A follow up.  I found this post on Ellis' blog.  Looks like it might be the same maker:


Definitely get in touch with him and let me know what else you come up with!

- Lee


On Tue, Jun 16, 2015 at 1:31 AM, W. Lee Vinson ( wrote:

Hi John,

Thanks for writing!

The Stone xylophones are neat little instruments. I've run across a handful of them. They must have been super popular with theater musicians of New England in the 1910s and 20s.

Your rope drum predates most of what I collect. (And I collect some pretty dusty drums!) I'll point you to two other guys who may be able to help:

Ellis Mirsky ( is a lawyer by day and a drum blogger by night. is his baby.  He might be interested in sharing your pics on the blog which could generate some leads if he doesn't have any first-hand knowledge himself.

Brian Hill ( is an avid collector of 18th and 19th century rope drums, especially those with some sort of provenance.  Shoot him an email with pictures and he'll probably have something to say!

Hope this is helpful! Let me know if you uncover any more info on the drum. I'd be interested to know more about it as well. 

- Lee 


On Mon, Jun 15, 2015 at 9:53 PM, JP Lindberg ( wrote:


I own a Stone xylophone as pictured on your blog.  Yours is the only other xylo I have ever seen like it.  You answered a lot of my questions about the instrument.

Also, I have a rope drum, that may date back to the War of 1812.  I'm sending some pictures along in the hope you may able to shed some light on it for me.

I believe this drum was made in the Boston area.

John Lindberg
College of William & Mary
Virginia Symphony Orchestra (retired)


Handwritten markings on the above drum indicate work done on the drum in September and October 1812.  That's pretty compelling information.

I think that the partial label indicates manufacture by Massachusetts Drums, and that “KIN” is either wrong (an incorrect transcription of what is written on the inside of the drum) or part of a longer phrase.
Interestingly, another "Massachusetts Drums" label (different font, different information on label, but the font used to write "Massachusetts Drums" the second time toward the bottom of this label appears to match the font used to write "Massachusetts Drums" toward the top of the label on the Lindberg drum) on another drum from the 21st Maine Volunteer Infantry described in this blog reads:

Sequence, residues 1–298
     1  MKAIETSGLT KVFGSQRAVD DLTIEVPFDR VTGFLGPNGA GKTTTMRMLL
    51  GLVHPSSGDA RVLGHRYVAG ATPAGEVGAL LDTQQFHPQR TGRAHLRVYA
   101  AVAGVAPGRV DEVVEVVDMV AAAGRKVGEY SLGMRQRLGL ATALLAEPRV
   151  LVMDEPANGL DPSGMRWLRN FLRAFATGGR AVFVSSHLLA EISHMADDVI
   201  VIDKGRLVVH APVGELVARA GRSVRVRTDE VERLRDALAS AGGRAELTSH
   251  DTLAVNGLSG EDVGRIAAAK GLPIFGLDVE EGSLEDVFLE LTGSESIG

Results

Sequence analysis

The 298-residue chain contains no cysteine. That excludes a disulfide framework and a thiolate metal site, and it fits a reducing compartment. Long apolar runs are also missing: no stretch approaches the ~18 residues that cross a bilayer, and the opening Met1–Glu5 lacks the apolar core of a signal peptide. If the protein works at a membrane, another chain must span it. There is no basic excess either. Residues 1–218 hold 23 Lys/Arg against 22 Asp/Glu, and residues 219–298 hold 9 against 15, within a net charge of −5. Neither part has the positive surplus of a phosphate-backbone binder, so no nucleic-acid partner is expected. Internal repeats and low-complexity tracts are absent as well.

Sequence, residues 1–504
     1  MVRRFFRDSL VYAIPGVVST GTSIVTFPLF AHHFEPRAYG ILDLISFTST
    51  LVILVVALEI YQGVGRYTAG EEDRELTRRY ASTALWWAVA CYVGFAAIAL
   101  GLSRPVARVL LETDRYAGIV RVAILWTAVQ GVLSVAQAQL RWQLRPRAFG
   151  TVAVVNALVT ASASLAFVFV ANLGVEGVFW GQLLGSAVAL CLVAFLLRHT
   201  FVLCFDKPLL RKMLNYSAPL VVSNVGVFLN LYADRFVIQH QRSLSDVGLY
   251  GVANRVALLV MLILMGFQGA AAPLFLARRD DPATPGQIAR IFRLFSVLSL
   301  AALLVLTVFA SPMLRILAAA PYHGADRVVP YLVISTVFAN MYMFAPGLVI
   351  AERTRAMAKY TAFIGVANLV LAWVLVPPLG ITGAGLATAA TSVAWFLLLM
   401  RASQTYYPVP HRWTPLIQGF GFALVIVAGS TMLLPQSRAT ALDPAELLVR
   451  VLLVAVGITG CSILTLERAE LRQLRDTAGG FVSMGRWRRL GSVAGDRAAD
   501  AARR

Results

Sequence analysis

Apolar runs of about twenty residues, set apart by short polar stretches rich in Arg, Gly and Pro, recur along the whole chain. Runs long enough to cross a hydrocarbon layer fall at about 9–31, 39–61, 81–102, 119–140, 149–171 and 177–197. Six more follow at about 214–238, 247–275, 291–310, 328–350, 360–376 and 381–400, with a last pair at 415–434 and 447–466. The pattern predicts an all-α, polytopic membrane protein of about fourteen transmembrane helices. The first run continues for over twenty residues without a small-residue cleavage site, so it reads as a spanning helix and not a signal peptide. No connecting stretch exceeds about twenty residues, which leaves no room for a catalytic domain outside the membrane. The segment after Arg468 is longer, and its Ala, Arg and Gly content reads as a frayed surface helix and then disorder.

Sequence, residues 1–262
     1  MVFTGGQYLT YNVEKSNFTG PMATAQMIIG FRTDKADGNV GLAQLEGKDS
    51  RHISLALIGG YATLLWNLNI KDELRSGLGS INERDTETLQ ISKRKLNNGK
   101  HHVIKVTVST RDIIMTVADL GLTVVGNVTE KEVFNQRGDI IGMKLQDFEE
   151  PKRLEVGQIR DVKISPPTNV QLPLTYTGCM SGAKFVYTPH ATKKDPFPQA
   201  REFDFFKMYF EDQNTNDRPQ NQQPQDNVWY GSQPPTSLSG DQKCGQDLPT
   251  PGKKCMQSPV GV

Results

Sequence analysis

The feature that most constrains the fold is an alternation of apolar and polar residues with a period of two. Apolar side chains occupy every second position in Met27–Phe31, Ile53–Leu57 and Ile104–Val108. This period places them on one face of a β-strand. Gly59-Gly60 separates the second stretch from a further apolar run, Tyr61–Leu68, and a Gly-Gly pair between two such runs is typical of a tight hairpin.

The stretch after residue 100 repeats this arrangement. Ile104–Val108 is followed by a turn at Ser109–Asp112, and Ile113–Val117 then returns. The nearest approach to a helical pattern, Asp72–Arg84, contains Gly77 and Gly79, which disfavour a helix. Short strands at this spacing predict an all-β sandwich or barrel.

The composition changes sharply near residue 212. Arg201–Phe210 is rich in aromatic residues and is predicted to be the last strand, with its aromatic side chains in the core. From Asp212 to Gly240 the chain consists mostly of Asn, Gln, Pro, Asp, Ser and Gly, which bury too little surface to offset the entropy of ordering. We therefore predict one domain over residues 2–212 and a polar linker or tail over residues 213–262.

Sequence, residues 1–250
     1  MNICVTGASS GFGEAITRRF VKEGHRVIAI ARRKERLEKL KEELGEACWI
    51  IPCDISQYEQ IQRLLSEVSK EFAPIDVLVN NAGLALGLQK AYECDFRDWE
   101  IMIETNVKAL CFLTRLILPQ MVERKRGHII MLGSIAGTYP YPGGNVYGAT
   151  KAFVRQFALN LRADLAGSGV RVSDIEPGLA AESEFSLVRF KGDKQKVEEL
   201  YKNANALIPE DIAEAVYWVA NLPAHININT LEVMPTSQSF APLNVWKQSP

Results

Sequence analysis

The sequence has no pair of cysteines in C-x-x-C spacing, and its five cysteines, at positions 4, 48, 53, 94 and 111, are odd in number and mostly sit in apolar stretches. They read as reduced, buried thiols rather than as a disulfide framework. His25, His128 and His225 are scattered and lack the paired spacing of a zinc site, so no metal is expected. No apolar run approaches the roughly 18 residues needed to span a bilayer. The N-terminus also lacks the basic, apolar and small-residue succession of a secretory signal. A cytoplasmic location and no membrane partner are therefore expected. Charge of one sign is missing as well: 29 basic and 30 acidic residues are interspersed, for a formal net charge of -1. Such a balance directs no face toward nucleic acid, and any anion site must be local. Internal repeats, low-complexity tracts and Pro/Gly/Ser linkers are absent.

Massachusetts Drums
Made and Sold by
Chandler & Peabody
Marlborough Street-Salem

Here is a fully intact "Massachusetts Drums" label from a known War of 1812 drum.  So it appears that the two drums (this one and the Lindberg drum) were made a different times (the label below by Chandler & Peabody on Marlborough Street, Salem, Massachusetts).

See also

Saturday, May 23, 2015

John Dowlan Interviewed by Larry McCormick

Thank you Buglers' Hall of Famer Frank Dorritie (with whom I marched (snare) in the 1967 Long Island Sunrisers Drum & Bugle Corps) for the link to this video interview (below) of rudimental drumming legend John Dowlan, by another legend Larry McCormick (including clips of even more legends from the USAF D&B Corps).

One topic discussed is back-sticking.  We have two earlier posts to this blog about back-sticking.  The first post focused on John Dowlan to whom Joe Marrella (also on the video) attributes back-sticking as early as 1938, although it took a couple of decades for before a drumline (USAF) put it into play:

The second post focused on A. R. Carrington, a field drum champion of the 1870's,who appears to have been doing a number of stick tricks, including something that appears to have been back-sticking:

I am certain that Dowlan came up with the technique entirely independently, and to him much respect and admiration are due for a whole host of reasons.  Hell, his story (watch the YouTube video) about being watched in 1951 (I was 4 years of age then and hadn't yet mastered ratamacues*) by Perrilloux prior to being judged by Pratt.  Well, that's the real deal.  Perrilloux was not easy to please, to say the least.